Denis Johnson's characters hook up
Jacket Copy's ongoing conversation about Denis Johnson's noir serial "Nobody Move" continues. ...
In "Nobody Move," Denis Johnson makes sure that his leads, Anita and Jimmy, hook up. When we left them at the end of Part 1, they were heading toward bed:
"When was a guy like you ever lucky?"
He pulled her blouse over her head and a couple of buttons popped loose and flew at his face…. “Have you looked at yourself in the mirror lately? I’m lucky now."
Cut to Part 2: Jimmy wakes up and looks at Anita’s body between the sheets; whatever happened between them goes unwritten. Soon they get up, encounter authorities, embark on their road trip and wind up together again in a seedy room above a bar. Anita’s aphrodisiac is booze, and when Jimmy finally gets her in the mood...
The TV emitted a small steady roar. In the show a man clung to the side of a speeding train. Luntz let the TV run so he could see her by its light. All through their lovemaking Anita kept quiet, but she looked right at him....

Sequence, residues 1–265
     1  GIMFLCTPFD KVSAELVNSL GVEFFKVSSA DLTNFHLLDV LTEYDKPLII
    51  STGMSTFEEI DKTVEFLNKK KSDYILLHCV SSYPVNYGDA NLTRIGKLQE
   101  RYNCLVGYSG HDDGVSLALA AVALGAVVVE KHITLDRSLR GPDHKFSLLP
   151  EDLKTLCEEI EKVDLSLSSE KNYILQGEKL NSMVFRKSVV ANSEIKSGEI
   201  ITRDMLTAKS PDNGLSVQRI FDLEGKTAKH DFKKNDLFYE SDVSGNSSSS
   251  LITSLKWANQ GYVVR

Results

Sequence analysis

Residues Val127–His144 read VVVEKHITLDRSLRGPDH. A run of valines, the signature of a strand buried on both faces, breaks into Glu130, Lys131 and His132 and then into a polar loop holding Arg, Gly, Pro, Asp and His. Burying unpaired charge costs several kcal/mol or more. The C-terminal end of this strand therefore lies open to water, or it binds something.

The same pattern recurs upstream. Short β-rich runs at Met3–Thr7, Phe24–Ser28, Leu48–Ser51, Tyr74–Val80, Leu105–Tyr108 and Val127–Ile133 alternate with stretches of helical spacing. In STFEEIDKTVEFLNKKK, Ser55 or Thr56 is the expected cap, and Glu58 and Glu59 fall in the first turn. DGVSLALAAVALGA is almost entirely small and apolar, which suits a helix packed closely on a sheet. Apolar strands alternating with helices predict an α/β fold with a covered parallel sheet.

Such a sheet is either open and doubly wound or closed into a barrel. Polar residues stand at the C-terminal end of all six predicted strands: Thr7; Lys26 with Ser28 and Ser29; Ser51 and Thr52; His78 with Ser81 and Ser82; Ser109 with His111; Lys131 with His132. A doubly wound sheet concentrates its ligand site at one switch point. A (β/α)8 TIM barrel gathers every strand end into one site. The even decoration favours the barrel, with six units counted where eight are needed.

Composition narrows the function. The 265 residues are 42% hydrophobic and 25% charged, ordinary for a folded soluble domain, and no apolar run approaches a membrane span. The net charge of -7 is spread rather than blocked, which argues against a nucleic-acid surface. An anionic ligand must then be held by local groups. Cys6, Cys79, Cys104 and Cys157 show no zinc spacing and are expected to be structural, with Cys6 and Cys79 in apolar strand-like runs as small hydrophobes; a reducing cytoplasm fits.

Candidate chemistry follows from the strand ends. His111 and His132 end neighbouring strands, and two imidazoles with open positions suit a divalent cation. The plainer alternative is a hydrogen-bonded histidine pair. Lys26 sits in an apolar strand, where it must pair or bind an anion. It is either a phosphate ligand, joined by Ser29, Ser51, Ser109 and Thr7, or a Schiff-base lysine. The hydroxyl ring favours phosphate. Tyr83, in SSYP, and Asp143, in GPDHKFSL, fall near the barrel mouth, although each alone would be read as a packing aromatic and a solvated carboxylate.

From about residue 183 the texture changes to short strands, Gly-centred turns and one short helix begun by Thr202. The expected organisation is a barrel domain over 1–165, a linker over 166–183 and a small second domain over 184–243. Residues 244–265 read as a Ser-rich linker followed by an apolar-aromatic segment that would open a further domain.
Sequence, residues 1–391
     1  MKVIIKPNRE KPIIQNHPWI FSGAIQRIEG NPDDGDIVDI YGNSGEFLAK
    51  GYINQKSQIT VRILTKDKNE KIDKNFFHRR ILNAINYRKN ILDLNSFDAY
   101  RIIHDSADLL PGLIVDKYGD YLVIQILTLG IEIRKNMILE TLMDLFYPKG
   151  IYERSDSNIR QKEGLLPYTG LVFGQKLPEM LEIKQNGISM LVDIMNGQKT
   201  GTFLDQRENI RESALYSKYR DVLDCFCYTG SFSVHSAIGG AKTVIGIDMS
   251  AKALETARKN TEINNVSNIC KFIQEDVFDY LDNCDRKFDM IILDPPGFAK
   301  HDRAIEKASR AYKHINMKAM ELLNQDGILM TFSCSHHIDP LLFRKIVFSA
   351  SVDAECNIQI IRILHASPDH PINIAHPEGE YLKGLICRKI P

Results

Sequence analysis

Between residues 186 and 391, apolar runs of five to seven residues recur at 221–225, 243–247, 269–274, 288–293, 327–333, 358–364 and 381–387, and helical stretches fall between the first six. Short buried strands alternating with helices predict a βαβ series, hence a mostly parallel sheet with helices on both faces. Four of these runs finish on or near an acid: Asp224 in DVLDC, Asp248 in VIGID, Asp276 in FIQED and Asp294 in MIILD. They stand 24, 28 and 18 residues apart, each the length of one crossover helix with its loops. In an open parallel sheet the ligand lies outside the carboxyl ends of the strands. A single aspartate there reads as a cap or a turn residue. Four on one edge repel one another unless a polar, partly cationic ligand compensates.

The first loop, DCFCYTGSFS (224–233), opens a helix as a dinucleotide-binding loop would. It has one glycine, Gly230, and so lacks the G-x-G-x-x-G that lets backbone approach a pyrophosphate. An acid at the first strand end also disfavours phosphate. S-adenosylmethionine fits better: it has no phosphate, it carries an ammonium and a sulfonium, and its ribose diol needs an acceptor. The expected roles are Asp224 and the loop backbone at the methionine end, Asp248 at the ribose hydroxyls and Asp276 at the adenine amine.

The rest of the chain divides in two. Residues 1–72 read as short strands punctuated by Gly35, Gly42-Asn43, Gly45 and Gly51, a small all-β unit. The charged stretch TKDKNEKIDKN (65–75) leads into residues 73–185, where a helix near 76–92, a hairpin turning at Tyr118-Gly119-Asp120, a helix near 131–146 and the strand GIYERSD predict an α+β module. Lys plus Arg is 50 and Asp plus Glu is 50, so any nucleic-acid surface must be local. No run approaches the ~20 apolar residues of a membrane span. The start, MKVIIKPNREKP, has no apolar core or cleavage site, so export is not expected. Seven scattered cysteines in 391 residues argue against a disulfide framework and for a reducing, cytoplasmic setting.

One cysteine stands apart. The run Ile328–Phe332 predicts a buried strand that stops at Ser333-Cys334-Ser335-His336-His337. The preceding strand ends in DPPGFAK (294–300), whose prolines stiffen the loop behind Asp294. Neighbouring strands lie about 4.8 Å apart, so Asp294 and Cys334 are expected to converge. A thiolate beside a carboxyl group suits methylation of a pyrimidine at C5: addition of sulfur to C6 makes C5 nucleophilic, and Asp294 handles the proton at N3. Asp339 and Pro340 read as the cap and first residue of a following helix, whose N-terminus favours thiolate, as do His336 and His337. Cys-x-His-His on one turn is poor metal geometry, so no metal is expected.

And then there’s a break. Right when Denis Johnson gets to the sex, his details get rather vague. Has the author of "Jesus' Son" gone prim?
That's after the jump.
There are Anita and Jimmy, stuck in that room above the bar, whiling away the hours with nothing to do but run downstairs for food and booze and otherwise stay in bed. They seem to like each other, and they do make love, more than once, but it lacks a certain detail. Johnson is writing about sex but in a way that is literary; it's suggestive and perhaps a little titillating, but not dirty or improper.
Not that there’s anything wrong with that. “She made love like a drunken nun” is funny and descriptive, but it's also modest, especially in the context in which it’s published. Playboy (in which the noir serial is appearing) has pages of photos of nude and mostly nude women, enormous breasts speckled with whipped cream, bottoms-up on beds, emerging from swimming pools and bathtubs dripping wet. David mentions that the magazine's readers must be half-distracted by the naked pictures, and while Playboy is probably tame by porn standards, it stands in prurient contrast to Johnson's story. Can a drunken nun compete?
— Carolyn Kellogg
Photo by StregAngela via Flickr